Earth is About to Lose its Second Moon, Forever
Godspeed, SO 2020. Enjoy your journey around the sun.
By Brandon Specktor | Live Science Senior Writer
January 29, 2021 | Earth’s second moon will make a close approach to the planet next week before drifting off into space, never to be seen again.
Strange space object 2020 SO was discovered on September 17, 2020, on approach to Earth. On November 8, it slowly drifted into Earth’s sphere of gravitational dominance, to become a new mini-moon. It’ll escape back into a new orbit around the sun in March 2021. During that time, it’ll make 2 large loops around our planet. In this image, Earth is the blue dot. The moon’s orbit is the yellow circle. 2020 SO’s trajectory is the looping pink line. Image via Phoenix7777/ Wikimedia Commons.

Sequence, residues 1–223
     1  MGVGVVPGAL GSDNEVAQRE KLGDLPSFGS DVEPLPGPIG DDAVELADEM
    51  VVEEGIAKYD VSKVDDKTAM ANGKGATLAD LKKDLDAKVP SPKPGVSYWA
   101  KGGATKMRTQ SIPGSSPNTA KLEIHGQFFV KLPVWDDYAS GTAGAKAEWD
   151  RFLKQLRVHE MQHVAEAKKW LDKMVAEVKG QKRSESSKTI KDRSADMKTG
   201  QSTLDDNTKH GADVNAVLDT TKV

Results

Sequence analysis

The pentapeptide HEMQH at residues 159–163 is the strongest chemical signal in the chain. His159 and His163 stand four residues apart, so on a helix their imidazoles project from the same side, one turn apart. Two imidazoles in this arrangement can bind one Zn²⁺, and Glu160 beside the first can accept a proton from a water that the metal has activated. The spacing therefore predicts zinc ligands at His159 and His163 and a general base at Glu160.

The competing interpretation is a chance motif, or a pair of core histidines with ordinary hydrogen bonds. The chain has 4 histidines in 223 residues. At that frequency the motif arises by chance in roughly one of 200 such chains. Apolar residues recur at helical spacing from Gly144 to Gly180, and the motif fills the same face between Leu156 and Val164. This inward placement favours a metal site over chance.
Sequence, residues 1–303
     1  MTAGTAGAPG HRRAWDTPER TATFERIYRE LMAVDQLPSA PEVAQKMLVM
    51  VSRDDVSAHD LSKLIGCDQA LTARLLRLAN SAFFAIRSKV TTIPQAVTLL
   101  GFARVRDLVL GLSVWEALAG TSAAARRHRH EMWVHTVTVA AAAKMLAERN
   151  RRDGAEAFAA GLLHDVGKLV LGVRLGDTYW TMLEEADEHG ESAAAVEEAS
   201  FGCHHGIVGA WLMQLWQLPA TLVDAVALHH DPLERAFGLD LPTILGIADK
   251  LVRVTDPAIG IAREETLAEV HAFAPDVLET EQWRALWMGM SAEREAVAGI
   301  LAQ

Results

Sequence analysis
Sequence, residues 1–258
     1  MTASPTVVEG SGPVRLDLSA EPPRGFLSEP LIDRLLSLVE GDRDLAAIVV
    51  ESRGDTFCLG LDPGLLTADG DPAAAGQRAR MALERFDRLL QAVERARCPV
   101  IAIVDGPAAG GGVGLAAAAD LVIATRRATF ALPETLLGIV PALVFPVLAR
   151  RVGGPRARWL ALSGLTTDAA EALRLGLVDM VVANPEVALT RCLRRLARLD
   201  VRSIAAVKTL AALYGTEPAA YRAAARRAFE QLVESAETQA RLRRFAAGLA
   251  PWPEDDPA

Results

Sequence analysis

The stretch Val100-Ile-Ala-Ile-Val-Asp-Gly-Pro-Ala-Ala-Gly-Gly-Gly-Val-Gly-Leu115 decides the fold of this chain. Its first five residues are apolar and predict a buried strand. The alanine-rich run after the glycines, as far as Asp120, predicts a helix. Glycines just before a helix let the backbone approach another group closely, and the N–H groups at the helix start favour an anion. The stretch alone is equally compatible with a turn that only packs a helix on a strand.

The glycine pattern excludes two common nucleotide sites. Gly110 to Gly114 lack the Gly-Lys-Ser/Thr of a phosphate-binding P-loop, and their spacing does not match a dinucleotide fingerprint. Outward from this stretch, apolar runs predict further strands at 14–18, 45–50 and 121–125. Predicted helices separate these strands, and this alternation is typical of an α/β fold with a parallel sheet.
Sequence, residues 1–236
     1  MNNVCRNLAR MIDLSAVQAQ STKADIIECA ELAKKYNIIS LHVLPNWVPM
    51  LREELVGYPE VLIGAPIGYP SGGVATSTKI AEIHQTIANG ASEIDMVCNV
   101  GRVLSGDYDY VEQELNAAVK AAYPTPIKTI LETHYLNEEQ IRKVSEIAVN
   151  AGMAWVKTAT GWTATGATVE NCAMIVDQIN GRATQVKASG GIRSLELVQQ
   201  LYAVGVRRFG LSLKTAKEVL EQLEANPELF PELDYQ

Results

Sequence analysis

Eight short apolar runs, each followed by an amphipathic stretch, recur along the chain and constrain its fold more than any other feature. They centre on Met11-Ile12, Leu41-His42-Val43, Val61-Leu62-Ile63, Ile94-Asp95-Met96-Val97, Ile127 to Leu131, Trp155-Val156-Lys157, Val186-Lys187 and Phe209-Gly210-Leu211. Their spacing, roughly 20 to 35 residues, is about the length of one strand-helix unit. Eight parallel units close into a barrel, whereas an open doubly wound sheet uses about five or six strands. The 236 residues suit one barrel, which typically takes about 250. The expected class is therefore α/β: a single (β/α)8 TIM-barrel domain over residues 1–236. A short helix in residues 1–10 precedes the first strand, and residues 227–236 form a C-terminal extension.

“What second moon,” you ask? Astronomers call it 2020 SO — a small object that dropped into Earth’s orbit about halfway between our planet and the moon in September 2020. Temporary satellites like these are known as minimoons, though calling it a moon is a bit deceptive in this case; in December 2020, NASA researchers learned that the object isn’t a space rock at all, but rather the remains of a 1960s rocket booster involved in the American Surveyor moon missions.
This non-moon minimoon made its closest approach to Earth on Dec. 1 (the day before NASA identified it as the long-lost booster), but it’s coming back for one more victory lap, according to EarthSky.org. Minimoon 2020 SO will make a final close approach to Earth on Tuesday (Feb. 2) at roughly 140,000 miles (220,000 kilometers) from Earth, or 58% of the way between Earth and the moon.